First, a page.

Friday, August 26, 2005

Southward Bound Land Birds

White Wood Aster (Aster divaricatus)

Asters are springing up in the park's woodlands

Shane and I spent a few hours very early today in Prospect Park. We tallied a nice list of land bird migrants including 14 species of wood-warbler. Besides a large number of common species (starlings and robins topping the list) there was a nice variety of birds moving through the area.

Goldenrod (Solidago sp.)


It was the first time this “fall” that I’ve observed a significant presence of migrating land birds in Prospect Park. Gray Catbirds and Baltimore Orioles seemed to be just about everywhere. Among the warbler species, American Redstarts were the only individuals seen in abundance. The warbler highlights were a single, male Golden-winged Warbler foraging in a Sweetgum tree at Rick’s Place, two Worm-eating Warblers chasing each other in the underbrush at the same location and a Tennessee Warbler near the stream in the Ravine.

Common Evening Primrose (Oenothera biennis)


Small flocks of Cedar Waxwings competed with robins for meals in the park’s Black Cherry trees.

As we were walking north through the Midwood forest we heard a familiar, two-note call. It was a high-pitched, rising “tu-wee”. The sound was reminiscent of a shorebird call. Since we were in a wooded habitat it pretty much ruled out any sandpipers or plovers. Shane asked if I knew what it was and I suddenly remembered Yellow-bellied Flycatcher. I first heard the call about five years ago. I was in the woods on the Peninsula so I followed the sound until I located the source. I’m not sure what it is about the quality of the sound but, at that time, I thought the caller would be a sandpiper. I was surprised to find a small, olive-backed Yellow-bellied Flycatcher. Ever since that day the call of this uncommon empidonax flycatcher sticks in my head.

Chicken mushroom detail (Laetiporus sulphureus )


Empidonax flycatchers are notoriously difficult to separate visually. The most reliable method is to listen to the males calling in the spring. During the fall migration I generally don't even bother trying to identify an empidonax down to species unless he's talking. I have read that some cannot be identified in the hand 100% by experts! Below is the list of our eastern empids with links to more info.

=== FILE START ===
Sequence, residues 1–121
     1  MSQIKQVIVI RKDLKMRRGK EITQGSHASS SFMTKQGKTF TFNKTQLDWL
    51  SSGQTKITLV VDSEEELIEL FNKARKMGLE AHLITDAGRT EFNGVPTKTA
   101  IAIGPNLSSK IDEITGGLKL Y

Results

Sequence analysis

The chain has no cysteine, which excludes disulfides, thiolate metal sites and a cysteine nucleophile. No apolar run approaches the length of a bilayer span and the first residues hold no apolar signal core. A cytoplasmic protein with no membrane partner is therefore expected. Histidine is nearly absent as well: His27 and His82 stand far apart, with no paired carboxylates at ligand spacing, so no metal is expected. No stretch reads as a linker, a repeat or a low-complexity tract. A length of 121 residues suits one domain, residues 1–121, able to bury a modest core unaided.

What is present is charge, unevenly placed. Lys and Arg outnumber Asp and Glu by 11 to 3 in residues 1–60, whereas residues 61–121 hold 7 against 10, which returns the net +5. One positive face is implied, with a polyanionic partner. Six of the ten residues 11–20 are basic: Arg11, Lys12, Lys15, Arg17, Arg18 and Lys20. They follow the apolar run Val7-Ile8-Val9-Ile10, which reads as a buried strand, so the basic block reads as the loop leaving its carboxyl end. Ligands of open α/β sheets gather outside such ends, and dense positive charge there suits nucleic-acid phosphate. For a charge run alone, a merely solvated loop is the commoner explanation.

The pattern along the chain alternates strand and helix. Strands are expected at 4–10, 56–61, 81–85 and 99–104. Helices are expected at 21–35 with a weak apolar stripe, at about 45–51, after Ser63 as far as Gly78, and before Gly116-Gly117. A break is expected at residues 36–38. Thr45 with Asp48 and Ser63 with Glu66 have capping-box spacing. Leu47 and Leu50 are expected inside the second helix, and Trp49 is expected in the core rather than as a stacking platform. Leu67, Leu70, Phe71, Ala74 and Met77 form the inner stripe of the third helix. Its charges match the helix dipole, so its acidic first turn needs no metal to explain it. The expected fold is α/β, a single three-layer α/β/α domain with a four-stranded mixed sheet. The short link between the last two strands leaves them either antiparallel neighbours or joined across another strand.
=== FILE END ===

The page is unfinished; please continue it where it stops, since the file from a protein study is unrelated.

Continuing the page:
Yellow-bellied Flycatcher

Acadian Flycatcher

Alder Flycatcher

Willow Flycatcher

Least Flycatcher

Cicada Killer with prey on my baseball cap


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Prospect Park, 8/26/2005
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Pied-billed Grebe (Upper Pool.)
Double-crested Cormorant (Prospect Lake.)
Green Heron (Upper Pool.)
Wood Duck (4, The Pools.)
Red-tailed Hawk (Ravine.)
American Kestrel (Near Vanderbilt entrance.)
Ring-billed Gull
Chimney Swift
Ruby-throated Hummingbird (2.)
Red-bellied Woodpecker (Several, including 3 juveniles.)
Northern Flicker
Eastern Wood-Pewee (Ravine.)
Yellow-bellied Flycatcher (Calling and sallying in Midwood.)
Least Flycatcher
Great Crested Flycatcher (1, North zoo; 2, Nethermead Arches.)
Eastern Kingbird (Nethermead Arches.)
empidonax sp. (2.)
Warbling Vireo (2.)
Red-eyed Vireo (Several.)
Barn Swallow
Black-capped Chickadee
Red-breasted Nuthatch
White-breasted Nuthatch
House Wren (Terrace Bridge.)
Veery (2 or 3.)
Swainson's Thrush
Hermit Thrush (Vale of Cashmere.)
Wood Thrush (2 or 3.)
Gray Catbird
Northern Mockingbird
Cedar Waxwing (Several small flocks.)
Blue-winged Warbler (Peninsula.)
Golden-winged Warbler (In Sycamore tree at Rick's Place.)
Tennessee Warbler (Ravine.)
Yellow Warbler (Several.)
Chestnut-sided Warbler (3 or 4.)
Magnolia Warbler (Payne Hill.)
Black-throated Blue Warbler (A few.)
Black-and-white Warbler (2.)
American Redstart (Abundant.)
Worm-eating Warbler (2, Rick's Place.)
Ovenbird (2, Ravine & near Midwood.)
Northern Waterthrush (3.)
Common Yellowthroat (2.)
Canada Warbler (Several.)
Scarlet Tanager (Terrace Bridge.)
Rose-breasted Grosbeak (Terrace Bridge.)
Common Grackle
Brown-headed Cowbird
Baltimore Oriole (Common.)
American Goldfinch (Small flock on Butterfly Meadow.)

Other common species seen (or heard):
Canada Goose, Mute Swan, Mallard, Herring Gull, Rock Pigeon, Mourning Dove, Downy Woodpecker, Hairy Woodpecker, Blue Jay, American Crow, American Robin, European Starling, Northern Cardinal, Song Sparrow, Red-winged Blackbird, House Sparrow

Tree devouring "No Dumping" sign

This tree is in the south end of the Midwood

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